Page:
You never know when a minor problem will morph into a giant money pit. Though homeowners insurance and a home warranty can help, you’ll typically be responsible for a deductible.
You should have an emergency fund of at least one thousand dollars to cover unexpected repairs.
Homeowners might be shocked at how much money they need for basic upkeep and necessary services. While renting, your landlord handled most of these expenses, but now they’re all on you.
Make sure you budget for them.
Many new homeowners want to maintain curb appeal, and landscaping is the best way to do that.
You’ll have to invest money into landscaping even if you don’t hire a professional. At a minimum, you’ll need a lawn mower and weed wacker, but you may need to invest in plants, mulch, a birdbath, or other lawn items to make your home look presentable.
Your home contains everything you hold dear, so you’ll probably want to protect it. You may consider installing motion sensor lights or security cameras to keep your family safe.
At a minimum, you may want to consider a video door camera, but you’ll likely have to pay a subscription service to keep it running.
You got the inspection and know your house is pest-free, but don’t you want to keep it that way? An exterminator will service your property quarterly, ensuring the nasty bugs stay out.
Most HVAC systems need servicing. It’s much cheaper to pay for regular maintenance to preserve long-term operation than a system overhaul.
In many counties, fire protection is rolled into property taxes – but that’s not always true. Some localities require you to pay an annual fee for fire protection.
If you don’t pay, the fire department will not help you if there’s a fire. Is that a risk you’re willing to take?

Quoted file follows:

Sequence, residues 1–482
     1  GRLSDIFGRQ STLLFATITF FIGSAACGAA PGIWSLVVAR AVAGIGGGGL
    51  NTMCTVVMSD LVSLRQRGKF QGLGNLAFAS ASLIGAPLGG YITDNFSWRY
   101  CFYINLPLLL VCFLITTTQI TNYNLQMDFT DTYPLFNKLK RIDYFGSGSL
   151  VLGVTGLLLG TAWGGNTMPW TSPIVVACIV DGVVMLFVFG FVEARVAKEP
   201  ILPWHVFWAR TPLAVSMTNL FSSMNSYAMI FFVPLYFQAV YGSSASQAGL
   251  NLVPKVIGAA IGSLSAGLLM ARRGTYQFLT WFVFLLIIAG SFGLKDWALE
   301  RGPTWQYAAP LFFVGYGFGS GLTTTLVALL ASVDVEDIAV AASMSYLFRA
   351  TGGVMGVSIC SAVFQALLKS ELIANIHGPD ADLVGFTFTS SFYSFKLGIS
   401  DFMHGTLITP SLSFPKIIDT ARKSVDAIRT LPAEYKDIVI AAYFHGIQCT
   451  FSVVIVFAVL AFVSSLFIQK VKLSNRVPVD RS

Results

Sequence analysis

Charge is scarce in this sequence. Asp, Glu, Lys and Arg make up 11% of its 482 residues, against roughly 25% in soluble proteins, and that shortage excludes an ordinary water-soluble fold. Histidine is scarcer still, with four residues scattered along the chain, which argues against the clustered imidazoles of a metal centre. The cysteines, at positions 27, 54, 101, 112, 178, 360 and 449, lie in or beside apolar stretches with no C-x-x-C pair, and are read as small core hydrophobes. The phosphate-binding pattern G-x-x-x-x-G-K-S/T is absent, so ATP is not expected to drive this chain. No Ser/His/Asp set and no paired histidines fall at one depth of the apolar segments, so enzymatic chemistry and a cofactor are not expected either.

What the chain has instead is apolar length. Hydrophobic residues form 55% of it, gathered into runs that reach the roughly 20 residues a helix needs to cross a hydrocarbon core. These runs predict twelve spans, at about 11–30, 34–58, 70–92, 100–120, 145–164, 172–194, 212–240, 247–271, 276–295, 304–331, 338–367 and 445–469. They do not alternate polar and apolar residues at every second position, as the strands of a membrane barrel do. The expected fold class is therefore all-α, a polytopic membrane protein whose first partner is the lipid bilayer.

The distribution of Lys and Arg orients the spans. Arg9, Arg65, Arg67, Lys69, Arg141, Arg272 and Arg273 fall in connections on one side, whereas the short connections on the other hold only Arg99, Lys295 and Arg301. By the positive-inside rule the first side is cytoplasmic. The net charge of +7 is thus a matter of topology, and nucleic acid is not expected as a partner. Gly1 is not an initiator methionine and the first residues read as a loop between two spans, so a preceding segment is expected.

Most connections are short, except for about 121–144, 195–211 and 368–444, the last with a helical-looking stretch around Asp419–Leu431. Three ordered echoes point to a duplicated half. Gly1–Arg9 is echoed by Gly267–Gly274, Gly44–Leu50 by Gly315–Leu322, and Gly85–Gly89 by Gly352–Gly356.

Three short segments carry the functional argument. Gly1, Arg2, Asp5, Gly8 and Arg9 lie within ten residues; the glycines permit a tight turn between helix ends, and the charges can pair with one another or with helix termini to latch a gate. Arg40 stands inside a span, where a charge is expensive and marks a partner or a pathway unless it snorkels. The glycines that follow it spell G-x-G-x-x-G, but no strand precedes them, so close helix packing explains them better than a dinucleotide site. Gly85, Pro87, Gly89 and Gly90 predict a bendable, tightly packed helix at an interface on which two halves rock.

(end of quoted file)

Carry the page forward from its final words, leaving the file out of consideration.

Trash collection is also included in property taxes in some locations, but not all. If it is not included in property taxes, you must hire a company to service your trash and recycling.
If you’ve always lived in a rental property where the landlord handles some of the utilities, you may be shocked to discover how many separate bills it takes to keep a house running.
You’ll need to set up water, sewage, electricity, and internet/phone services at a minimum. Many homes also have gas hookups for stoves and water heaters. If you live in the Northeast, you may have a giant oil tank in the cellar for heating, and you’ll have to contract a company to fill it regularly.
Lots of Hidden Costs, But Worth It
Homeownership has many hidden costs, but don’t let that deter you from buying. Owning your home is still a top path to wealth and ideal for peace of mind.
However, it’s essential to consider the hidden cost of buying a home while house hunting. When shopping, factor all these potential expenses into your budget to ensure a financial surprise doesn’t catch you off guard.
Budgeting for all the costs of homeownership ensures years of happiness in your dream home.